After the meeting he explained why he split his vote: “I voted against the dispensaries because I feel there’s not enough information about how it’s going to be run. A lot of people are promising that once the dispensaries get here we’re going to give all the money to mental health and youth and education and there’s no guarantee for any of that. There’s what, 11 liquor stores, in the city of Peekskill?  And is any of that revenue going to mental health and education?  I don’t think so and until we have some more solidified direction and guidance from the state for what they are going to approve of, I just think it’s necessary for leadership to make a decision based on that.” 

“The lounges are important, we’re in hard times, people are having issues that marijuana helps and I think that it’s important if the law allows marijuana then give the people somewhere to enjoy it. I can’t say that I’m happy that the city has 12 liquor stores but I do feel good that there’s  restaurants where they can hang out and have a drink with their friends and celebrate a birthday. There’s a cigar lounge in the city where people can smoke at. It’s the same thing, with marijuana for recreational or for medical purposes. It’s legal as it should be. I pray to God that I’m not down at the park with my son and daughters throwing a frisbee and somebody in the park is just going to smoke because they want to. I think it’s our responsibility to ensure that we accommodate people’s needs because again, weed is legal and we have to adjust to the times in a way that works for everyone. I think it’s responsible to at least start preparing to present a place for people to actually enjoy marijuana whether it’s recreational or medical, just like we do the liquor stores and the cigar lounges.”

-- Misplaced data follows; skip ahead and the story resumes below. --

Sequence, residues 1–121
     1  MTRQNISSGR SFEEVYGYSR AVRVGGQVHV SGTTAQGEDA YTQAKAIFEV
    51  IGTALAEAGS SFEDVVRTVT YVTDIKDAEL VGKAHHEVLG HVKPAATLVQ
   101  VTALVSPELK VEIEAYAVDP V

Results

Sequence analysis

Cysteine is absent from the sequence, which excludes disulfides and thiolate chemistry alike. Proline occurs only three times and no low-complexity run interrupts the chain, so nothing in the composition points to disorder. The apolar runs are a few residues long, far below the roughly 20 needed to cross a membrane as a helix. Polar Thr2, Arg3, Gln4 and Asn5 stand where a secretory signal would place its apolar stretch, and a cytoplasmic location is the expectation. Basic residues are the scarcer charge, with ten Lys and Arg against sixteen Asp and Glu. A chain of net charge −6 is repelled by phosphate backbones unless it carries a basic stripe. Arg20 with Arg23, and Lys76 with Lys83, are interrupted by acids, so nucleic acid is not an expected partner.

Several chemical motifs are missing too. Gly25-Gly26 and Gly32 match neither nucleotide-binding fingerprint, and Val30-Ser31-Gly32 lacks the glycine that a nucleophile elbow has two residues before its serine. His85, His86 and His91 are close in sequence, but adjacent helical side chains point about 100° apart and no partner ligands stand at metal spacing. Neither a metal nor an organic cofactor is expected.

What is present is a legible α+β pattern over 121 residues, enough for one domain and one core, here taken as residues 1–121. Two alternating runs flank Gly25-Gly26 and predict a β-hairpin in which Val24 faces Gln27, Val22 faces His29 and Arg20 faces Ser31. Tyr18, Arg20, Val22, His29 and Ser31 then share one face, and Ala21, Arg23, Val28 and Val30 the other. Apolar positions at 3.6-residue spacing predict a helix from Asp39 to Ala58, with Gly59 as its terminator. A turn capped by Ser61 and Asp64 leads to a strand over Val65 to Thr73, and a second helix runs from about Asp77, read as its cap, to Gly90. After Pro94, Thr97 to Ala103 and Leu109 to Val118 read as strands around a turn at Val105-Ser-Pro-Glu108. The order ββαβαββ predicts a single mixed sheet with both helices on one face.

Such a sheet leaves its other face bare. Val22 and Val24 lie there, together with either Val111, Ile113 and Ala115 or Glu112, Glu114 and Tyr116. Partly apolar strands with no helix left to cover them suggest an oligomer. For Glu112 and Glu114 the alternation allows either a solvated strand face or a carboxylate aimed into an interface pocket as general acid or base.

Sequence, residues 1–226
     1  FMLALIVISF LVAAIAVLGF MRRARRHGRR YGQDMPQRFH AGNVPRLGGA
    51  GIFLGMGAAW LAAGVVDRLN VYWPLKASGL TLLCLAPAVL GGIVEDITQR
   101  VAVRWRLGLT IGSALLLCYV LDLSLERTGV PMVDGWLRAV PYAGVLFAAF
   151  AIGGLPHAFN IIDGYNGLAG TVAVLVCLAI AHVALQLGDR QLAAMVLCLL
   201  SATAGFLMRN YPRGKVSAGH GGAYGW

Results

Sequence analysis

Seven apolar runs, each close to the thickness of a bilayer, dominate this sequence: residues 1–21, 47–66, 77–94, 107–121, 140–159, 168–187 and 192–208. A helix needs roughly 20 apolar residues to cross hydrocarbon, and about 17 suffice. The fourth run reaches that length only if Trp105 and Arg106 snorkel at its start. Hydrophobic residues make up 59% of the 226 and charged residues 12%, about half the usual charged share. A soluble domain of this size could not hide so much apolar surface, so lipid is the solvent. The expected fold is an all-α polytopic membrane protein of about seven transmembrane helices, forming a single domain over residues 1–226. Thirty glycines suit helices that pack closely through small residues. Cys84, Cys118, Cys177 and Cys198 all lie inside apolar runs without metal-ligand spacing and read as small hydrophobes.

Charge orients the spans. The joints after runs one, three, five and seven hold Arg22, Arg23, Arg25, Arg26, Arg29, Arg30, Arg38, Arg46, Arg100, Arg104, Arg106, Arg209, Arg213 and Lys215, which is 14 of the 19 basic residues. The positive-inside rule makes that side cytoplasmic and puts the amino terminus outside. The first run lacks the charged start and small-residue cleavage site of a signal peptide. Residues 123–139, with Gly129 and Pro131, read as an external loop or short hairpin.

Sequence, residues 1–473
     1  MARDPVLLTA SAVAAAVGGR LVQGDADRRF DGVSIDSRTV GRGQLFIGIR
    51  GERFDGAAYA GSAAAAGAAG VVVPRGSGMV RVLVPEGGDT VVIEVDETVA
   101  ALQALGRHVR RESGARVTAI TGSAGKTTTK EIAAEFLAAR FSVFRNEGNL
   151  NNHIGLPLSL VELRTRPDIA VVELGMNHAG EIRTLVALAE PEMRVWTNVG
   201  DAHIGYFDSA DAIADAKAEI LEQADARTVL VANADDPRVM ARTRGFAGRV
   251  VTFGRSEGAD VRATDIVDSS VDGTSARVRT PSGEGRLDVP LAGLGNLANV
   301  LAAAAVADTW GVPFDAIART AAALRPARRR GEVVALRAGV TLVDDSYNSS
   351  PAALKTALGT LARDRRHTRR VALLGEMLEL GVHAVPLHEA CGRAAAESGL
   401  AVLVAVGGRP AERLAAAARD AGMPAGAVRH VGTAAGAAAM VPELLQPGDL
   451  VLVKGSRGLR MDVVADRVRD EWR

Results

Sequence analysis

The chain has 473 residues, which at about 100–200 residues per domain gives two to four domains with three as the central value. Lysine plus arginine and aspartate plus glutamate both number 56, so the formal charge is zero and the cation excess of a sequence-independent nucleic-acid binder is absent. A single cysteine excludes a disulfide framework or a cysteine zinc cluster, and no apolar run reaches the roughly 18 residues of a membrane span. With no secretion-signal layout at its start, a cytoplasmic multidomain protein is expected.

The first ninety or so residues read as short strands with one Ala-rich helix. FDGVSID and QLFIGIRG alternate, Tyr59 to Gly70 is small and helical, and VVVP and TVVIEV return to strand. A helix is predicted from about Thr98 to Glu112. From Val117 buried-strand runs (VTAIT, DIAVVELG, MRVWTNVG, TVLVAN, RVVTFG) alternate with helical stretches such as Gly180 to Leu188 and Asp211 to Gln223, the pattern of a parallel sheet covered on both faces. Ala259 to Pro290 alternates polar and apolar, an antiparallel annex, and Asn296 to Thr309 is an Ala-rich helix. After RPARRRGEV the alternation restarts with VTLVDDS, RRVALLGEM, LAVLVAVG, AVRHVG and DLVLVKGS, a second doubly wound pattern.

In voting for ‘opting out’, Councilwoman Patricia Riley said that as a career educator she taught children to say no to drug use and she respected the opinions of her colleagues but that she just didn’t feel comfortable voting to allow dispensaries or lounges. She said she didn’t think there was enough information. “There are too many if’s out there.” 

Mayor-elect McKenzie who voted yes to ‘opt out’  echoed Riley’s comments and said she didn’t know what the effect of allowing dispensaries and lounges would be on city services. She also talked about the expense of the licensing process and didn’t know how people who were impacted by the criminalization of marijuana would be able to afford the licenses. She cited figures of $250,000 for a license and $800,000 for a dispensary. 

In voting to stay ‘opted in’ to both types of cannabis retail licenses, Peekskill joins Westchester municipalities Bedford, Croton-on-Hudson, Mount Vernon, New Rochelle, Pound Ridge, Sleepy Hollow, White Plains and Yonkers, per this SUNY Rockefeller Institute tracker created by researcher Heather Trela. According to the live document, the Village of Tarrytown has opted out of on-site consumption but will allow retail dispensaries. Other Westchester municipalities have yet to hold formal votes at this time. Local governments that take no action before January 1st will automatically stay “opted in” to allow the new cannabis retail licenses. The Cortlandt Town Board split its ‘opt-out’ vote 2 – 2  at a special meeting on Dec. 6. The tie vote means that the proposed local law to ‘opt out’ does not pass, thereby allowing recreational cannabis establishments in Peekskill’s closest neighbor. 

Other Hudson River communities that have officially “opted in” to at least allowing retail dispensaries include Cold Spring (where voters approved retail only in a permissive referendum); Haverstraw, Poughkeepsie, and Kingston.